Tag Archives: humor

(fifteen years ago) the speed of time

Time’s a funny thing.

For the first twenty-four years of my life, today’s date was just a date. But fifteen years ago, it became important.

Fifteen years ago, I stood at an altar. For the regular reasons.

(eighteen years ago) Surrounded by throngs of married and engaged law students, I thought I was going to die alone, and it terrified me.

(fifteen years ago) I wore a tuxedo and said “I do” in a Catholic Church, and no lightning touched down upon our heads.

(twenty years ago) As a college sophomore I played video games and then went home and touched myself too many times.

(fifteen years ago) We danced to a song that took much too long to choose and sometimes now I can’t immediately remember what it was called.

(twenty-two years ago) I had a 1984 Chrysler Fifth Avenue and rolled up the sleeves on my T-shirts. Sometimes I stapled them so they’d stay.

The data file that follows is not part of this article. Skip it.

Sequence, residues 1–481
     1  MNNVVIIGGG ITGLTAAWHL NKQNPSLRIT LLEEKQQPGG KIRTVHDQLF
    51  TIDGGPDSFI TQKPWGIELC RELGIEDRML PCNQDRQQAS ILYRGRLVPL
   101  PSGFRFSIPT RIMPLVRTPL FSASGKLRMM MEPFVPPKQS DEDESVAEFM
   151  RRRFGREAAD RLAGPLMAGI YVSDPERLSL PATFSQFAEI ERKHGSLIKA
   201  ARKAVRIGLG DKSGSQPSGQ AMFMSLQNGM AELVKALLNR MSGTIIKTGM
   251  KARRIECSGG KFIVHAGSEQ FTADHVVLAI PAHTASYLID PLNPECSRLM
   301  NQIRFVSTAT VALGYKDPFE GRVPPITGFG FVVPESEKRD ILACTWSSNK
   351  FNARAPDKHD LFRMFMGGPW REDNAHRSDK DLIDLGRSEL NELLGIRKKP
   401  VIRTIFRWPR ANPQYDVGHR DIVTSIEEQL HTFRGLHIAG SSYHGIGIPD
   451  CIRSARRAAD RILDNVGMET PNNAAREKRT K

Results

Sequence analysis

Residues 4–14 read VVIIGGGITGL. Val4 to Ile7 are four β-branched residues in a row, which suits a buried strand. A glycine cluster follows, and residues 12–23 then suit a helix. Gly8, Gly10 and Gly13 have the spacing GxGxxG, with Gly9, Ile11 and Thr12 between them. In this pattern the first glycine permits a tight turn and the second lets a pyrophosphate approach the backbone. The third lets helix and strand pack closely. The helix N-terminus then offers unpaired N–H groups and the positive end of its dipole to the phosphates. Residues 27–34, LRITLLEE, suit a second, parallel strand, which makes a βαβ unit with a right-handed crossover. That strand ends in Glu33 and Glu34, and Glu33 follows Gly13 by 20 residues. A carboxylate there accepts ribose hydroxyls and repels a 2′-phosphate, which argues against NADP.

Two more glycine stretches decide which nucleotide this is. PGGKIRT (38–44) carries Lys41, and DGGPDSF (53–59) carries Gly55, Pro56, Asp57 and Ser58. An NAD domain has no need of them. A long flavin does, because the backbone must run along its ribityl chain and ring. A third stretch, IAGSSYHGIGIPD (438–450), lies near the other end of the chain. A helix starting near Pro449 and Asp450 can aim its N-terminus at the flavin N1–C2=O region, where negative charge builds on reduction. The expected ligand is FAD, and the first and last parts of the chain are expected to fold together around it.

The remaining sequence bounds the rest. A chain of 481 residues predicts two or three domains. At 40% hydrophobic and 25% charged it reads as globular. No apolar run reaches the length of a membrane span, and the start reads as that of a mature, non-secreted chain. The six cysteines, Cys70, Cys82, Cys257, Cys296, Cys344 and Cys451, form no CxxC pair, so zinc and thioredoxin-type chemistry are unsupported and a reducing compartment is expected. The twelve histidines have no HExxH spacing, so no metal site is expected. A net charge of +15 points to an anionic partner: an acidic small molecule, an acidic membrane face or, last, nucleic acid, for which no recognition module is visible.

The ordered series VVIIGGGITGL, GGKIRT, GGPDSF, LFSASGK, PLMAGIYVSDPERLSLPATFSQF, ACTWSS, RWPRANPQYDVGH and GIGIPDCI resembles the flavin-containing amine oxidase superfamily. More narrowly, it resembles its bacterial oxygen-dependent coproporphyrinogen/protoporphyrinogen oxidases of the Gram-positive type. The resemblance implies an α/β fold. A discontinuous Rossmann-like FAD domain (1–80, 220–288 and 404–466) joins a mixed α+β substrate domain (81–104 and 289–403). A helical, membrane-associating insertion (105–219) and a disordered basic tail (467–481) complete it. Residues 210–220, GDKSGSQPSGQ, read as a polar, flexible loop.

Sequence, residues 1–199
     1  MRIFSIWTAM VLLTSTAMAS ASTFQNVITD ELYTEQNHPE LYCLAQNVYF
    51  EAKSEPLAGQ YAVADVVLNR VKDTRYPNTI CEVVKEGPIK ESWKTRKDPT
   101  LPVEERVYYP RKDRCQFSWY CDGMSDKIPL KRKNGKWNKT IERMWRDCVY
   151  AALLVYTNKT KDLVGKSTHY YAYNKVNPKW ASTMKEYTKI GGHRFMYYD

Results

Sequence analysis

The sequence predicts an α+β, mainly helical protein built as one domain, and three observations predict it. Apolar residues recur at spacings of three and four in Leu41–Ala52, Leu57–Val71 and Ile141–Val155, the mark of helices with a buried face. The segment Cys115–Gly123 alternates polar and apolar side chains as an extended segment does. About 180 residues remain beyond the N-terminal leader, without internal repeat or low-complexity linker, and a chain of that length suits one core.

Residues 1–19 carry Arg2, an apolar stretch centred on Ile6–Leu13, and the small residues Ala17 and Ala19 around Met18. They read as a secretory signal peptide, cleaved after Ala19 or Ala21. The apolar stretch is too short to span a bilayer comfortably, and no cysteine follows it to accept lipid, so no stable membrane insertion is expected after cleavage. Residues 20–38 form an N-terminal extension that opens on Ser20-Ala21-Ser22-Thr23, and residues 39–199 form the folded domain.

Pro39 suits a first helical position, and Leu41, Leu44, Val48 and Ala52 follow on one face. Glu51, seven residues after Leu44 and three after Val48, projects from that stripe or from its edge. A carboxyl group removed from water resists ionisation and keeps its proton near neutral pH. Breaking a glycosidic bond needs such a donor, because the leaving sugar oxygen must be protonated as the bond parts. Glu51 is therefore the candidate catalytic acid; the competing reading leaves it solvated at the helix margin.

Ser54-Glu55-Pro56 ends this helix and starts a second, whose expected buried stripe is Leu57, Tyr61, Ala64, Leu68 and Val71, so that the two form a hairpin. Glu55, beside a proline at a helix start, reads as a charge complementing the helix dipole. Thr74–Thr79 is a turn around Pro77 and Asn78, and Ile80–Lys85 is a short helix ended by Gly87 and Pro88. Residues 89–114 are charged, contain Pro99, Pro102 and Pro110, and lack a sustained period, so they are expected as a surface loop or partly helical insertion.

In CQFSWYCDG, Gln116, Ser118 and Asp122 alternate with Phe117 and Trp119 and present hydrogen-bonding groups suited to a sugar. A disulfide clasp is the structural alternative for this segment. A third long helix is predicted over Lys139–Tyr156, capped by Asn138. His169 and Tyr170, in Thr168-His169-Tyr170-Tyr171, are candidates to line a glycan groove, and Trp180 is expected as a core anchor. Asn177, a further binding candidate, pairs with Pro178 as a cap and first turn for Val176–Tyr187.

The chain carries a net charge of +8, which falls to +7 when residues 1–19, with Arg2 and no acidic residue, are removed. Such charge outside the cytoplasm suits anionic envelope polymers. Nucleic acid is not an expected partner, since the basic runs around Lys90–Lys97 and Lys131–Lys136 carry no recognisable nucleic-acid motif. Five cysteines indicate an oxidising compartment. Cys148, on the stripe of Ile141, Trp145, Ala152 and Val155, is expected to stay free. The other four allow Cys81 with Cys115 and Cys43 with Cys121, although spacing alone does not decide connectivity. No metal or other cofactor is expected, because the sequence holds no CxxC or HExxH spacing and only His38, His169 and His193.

(fifteen years ago) I gave into tradition for the last time as my best friend from college walked down the aisle as a bridesmaid instead of a groomswoman.

(twenty-four years ago) I cried about unrequited love and punched holes in my walls.

(fifteen years ago) Friends from each stage in my life drank and laughed with each other as they toasted my future.

(twenty-eight years ago) I snapped a girl’s bra strap and my dad said “Boys will be boys,” because he knew I’d eventually turn into a respectful man.

(fifteen years ago) I didn’t drink, but the night was still a drunken blur.

(thirty years ago) I devoured every book I could find and found whole new worlds worthy of exploration.

(fifteen years ago) We were too tired to consummate our marriage, and nobody noticed that giant red flag flapping in the air.

(thirty-two years ago) My parents burst with pride at my intelligence and precociousness, not realizing how unbearable it might become.

(fifteen years ago) I said I did, even though I showed I couldn’t.

(thirty-four years ago) I was the only male child, and I liked it.

(fifteen years ago) We started a new life with a terminal lifespan.

(thirty-six years ago) We moved to Florida from Boston and ate Raisin Bran for dinner, which amazed me at three years old.